The 24-Hour Trap: Rethinking Daily Habits

Time management, when parceled into daily routines, quickly starts to feel like Groundhog Day—if you even stick to it. Life's more spontaneous than that; here's how to meet goals without the word "daily."

Rituals and habits are hot topics in productivity circles these days, for good reason.

What you do as you manage your daily life matters a great deal. A simple choice to grab a piece of fruit with your coffee in the morning turns you into a person who eats a healthy breakfast. If you get up and write five pages every weekday morning, you will have a manuscript in a few months.

But that last description of frequency—"every weekday morning"—contains an insight that suggests there’s a problem with how we sometimes think about time. Even people with so-called "daily" rituals don’t always do the same things on weekends. They do these rituals Monday through Friday, and as I study people’s schedules, I find many veer from the usual routines on Fridays, too. These so-called "daily" habits actually happen only four to five times a week.

Why does that matter? This insight is good news for those of us whose days can’t always look the same, but who still want to build sources of joy or meaning into our lives. We live in weeks, not days. Rather than succumbing to the "24-hour trap"—the belief that something has to happen daily on weekdays in order to be part of our lives—we can look at all seven days, and find space for things more often than not.

Take exercise for example: Many people would like to exercise more. But then they tell themselves "I’m not the kind of person who can just leave for an hour at lunch each day to go work out." Or "I just can’t stomach getting up at 5:30 a.m. every morning to exercise."

This is the 24-hour trap. But if you can’t leave at lunch every day, here’s a different idea. Just one day a week, pack a lunch and comfortable shoes and go for a walk during the time you’d normally hit the deli. Then, one morning per week—just one!—wake up early and use the treadmill gathering dust in your basement. Add in a run around the fields where your kid plays soccer on Saturday, and maybe another run sometime Sunday evening while the rest of the family is watching TV and suddenly you’re exercising four times per week.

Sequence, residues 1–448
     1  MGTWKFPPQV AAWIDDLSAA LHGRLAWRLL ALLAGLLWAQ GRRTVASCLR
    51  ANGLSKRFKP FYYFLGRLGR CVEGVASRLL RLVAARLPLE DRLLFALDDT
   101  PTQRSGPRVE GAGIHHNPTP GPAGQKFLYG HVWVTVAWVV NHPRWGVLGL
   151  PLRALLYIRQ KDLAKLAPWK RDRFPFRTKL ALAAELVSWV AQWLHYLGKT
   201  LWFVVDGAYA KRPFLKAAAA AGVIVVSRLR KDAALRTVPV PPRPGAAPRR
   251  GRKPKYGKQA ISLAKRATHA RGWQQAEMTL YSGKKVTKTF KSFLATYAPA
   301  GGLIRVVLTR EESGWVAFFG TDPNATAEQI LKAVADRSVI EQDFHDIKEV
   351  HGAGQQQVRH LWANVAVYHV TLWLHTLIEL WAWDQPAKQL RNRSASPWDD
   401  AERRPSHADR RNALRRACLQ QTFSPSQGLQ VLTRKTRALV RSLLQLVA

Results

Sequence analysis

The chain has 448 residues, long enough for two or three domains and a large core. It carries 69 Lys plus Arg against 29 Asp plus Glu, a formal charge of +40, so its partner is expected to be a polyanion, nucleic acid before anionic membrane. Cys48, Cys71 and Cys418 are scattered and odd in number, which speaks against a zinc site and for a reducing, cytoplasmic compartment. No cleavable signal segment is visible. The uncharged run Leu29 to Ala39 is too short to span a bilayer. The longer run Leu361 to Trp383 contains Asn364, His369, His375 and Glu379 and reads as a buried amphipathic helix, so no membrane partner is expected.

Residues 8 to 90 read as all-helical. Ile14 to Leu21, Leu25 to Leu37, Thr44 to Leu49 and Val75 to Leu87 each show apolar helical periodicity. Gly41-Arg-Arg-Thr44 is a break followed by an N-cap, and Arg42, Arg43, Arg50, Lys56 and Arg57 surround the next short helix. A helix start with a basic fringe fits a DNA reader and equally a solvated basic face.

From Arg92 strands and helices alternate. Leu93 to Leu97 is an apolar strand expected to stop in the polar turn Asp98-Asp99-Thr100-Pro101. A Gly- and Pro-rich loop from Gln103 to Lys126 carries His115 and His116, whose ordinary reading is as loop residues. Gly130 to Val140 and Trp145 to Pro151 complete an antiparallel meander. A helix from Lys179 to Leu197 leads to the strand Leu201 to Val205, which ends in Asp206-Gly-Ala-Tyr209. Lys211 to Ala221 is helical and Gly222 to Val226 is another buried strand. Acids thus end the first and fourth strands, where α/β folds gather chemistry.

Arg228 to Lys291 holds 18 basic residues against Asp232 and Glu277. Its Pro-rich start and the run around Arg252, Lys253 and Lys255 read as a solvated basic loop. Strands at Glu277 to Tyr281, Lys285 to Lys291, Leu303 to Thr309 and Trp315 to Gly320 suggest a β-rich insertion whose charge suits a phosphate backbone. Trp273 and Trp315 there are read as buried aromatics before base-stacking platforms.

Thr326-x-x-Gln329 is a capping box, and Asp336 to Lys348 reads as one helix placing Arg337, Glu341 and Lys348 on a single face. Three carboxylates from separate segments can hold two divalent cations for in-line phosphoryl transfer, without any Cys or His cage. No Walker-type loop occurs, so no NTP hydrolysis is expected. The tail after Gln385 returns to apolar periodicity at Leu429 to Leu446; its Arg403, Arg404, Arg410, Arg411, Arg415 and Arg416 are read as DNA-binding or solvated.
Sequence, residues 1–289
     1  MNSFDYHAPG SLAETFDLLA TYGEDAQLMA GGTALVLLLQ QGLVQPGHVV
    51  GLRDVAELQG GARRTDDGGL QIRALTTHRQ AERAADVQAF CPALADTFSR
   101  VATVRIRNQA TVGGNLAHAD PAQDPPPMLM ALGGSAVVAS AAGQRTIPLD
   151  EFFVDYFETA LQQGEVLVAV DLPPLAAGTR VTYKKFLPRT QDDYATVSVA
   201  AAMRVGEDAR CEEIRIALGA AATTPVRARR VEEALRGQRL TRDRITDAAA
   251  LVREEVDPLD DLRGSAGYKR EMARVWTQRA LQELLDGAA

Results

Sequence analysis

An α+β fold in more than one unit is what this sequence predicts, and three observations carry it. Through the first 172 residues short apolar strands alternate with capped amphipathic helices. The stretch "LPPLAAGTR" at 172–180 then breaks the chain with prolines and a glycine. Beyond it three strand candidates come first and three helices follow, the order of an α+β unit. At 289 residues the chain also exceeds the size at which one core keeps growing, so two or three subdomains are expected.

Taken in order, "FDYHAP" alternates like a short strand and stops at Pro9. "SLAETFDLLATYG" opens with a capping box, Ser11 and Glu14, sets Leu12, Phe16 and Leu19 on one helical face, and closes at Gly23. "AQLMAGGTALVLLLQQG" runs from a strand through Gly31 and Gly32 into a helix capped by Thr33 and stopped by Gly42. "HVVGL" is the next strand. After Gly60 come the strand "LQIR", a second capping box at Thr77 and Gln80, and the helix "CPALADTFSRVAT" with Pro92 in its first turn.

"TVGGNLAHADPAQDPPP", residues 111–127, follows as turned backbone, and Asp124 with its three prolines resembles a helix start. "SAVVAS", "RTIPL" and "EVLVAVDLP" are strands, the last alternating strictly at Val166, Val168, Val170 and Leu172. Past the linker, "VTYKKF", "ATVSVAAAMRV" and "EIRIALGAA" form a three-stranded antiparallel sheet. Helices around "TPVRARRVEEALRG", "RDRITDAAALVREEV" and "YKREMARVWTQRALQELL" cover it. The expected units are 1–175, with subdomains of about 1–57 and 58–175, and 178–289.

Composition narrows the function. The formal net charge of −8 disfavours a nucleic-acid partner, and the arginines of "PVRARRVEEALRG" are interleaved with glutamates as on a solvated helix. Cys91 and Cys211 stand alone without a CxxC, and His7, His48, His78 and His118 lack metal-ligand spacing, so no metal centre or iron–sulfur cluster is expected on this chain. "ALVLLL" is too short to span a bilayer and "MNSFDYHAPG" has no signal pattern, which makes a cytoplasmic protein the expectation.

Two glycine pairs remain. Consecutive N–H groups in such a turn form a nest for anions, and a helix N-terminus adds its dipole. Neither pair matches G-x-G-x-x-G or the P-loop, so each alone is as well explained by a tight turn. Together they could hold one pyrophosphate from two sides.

It’s not the same time Monday through Thursday, but it doesn’t have to be. Accumulated minutes still matter.

I’ve been trying to adopt the same philosophy when it comes to writing fiction. I’m never going to be Anthony Trollope, working on my novel for three hours each morning. But I block off 5:30-8:30 p.m. one night per week, and another hour some afternoon, and in those four hours I can crank out the 2,000 words per week I need to write to stay on track.

Daily rituals are great, but they are not the only way to make things happen. By being creative and looking at all 168 hours in a week, we can often find space for more things than we think. The 24-hour trap limits possibilities. Looking at 168 hours opens things up.

[Image: Flickr user Jon Candy]

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5 Comments

  • Joshua Nash

    Steer clear of the "deathmill" unless you live somewhere there is snow on the ground most of the time. Get outside to run. That's how it was designed to be done. I don't agree with the getting up at 5:30 AM to get things done. Not everyone is a morning person.

    Your idea that we should focus on the 168 hrs a week is good, but how about avoid hours altogether and simply focus on the tasks at hand, one at a time, setting deadlines for each. Putting yourself under pressure of completing 3 hours a day of writing will get exhausting very soon. That said, if your sights are set on working on or completing something that you love and are passionate about, set the goal and deadline, and go for it!

  • Ethan Glessich

    I agree in that when look at our goals through the lens of a week rather than a day, we see different solutions--but in essence I think it all comes back to the same core--some habits are productive, others are not. They can be daily habits, weekly habits, monthly, quarterly, yearly or beyond. For some people a daily exercise routine makes sense, for others a weekly approach fits. I believe the "most" important thing is to identify the desired habit and then find a way (and timing) that works best for you.

  • I've been loving your topics recently - this is certainly a new perspective on this topic - but still containing a 'let go' attitude that is likely very critical to success. A rare accomplishment right now, since many I know are interested in productivity.

  • Great article Laura, and so true; so many people see the '24 hours' as a trap, when you really should see the entire week as the bigger picture. I try to do this with my week, and I find that I fit in a lot more because of it!